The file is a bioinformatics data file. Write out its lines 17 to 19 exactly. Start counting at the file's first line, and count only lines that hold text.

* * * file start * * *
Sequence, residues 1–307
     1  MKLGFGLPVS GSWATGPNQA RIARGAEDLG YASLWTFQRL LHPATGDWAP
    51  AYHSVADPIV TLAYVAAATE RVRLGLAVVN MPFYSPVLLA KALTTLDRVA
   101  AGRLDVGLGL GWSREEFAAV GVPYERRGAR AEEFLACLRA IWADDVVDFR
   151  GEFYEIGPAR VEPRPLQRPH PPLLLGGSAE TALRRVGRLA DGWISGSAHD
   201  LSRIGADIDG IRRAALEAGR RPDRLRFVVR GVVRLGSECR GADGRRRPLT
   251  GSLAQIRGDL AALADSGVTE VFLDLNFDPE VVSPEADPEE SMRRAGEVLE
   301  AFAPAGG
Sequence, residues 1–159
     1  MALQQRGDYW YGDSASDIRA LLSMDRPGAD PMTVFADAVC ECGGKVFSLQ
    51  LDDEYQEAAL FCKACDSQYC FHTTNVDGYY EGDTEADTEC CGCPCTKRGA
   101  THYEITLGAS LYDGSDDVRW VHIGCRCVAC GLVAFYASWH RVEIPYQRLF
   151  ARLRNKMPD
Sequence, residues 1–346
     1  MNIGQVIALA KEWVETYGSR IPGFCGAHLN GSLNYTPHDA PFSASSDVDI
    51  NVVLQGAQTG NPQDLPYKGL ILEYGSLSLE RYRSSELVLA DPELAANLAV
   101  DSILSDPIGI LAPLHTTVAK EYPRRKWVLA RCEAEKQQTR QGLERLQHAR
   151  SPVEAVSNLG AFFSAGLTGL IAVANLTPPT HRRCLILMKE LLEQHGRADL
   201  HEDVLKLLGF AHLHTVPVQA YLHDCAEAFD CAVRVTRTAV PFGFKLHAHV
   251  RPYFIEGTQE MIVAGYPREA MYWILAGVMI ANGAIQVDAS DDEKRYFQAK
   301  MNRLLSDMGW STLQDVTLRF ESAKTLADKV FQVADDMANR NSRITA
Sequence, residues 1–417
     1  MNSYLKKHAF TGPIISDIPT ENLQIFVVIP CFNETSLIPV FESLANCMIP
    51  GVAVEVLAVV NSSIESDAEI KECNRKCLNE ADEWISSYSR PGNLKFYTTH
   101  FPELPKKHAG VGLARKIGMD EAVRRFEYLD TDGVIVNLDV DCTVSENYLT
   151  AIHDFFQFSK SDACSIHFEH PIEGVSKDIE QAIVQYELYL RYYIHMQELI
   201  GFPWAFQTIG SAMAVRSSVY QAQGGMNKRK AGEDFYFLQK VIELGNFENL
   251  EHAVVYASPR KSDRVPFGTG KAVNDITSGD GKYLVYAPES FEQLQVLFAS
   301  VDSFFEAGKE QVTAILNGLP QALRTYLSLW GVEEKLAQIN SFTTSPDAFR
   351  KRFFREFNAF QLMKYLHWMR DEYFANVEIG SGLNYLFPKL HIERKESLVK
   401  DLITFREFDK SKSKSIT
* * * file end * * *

   101  DSILSDPIGI LAPLHTTVAK EYPRRKWVLA RCEAEKQQTR QGLERLQHAR
   151  SPVEAVSNLG AFFSAGLTGL IAVANLTPPT HRRCLILMKE LLEQHGRADL
   201  HEDVLKLLGF AHLHTVPVQA YLHDCAEAFD CAVRVTRTAV PFGFKLHAHV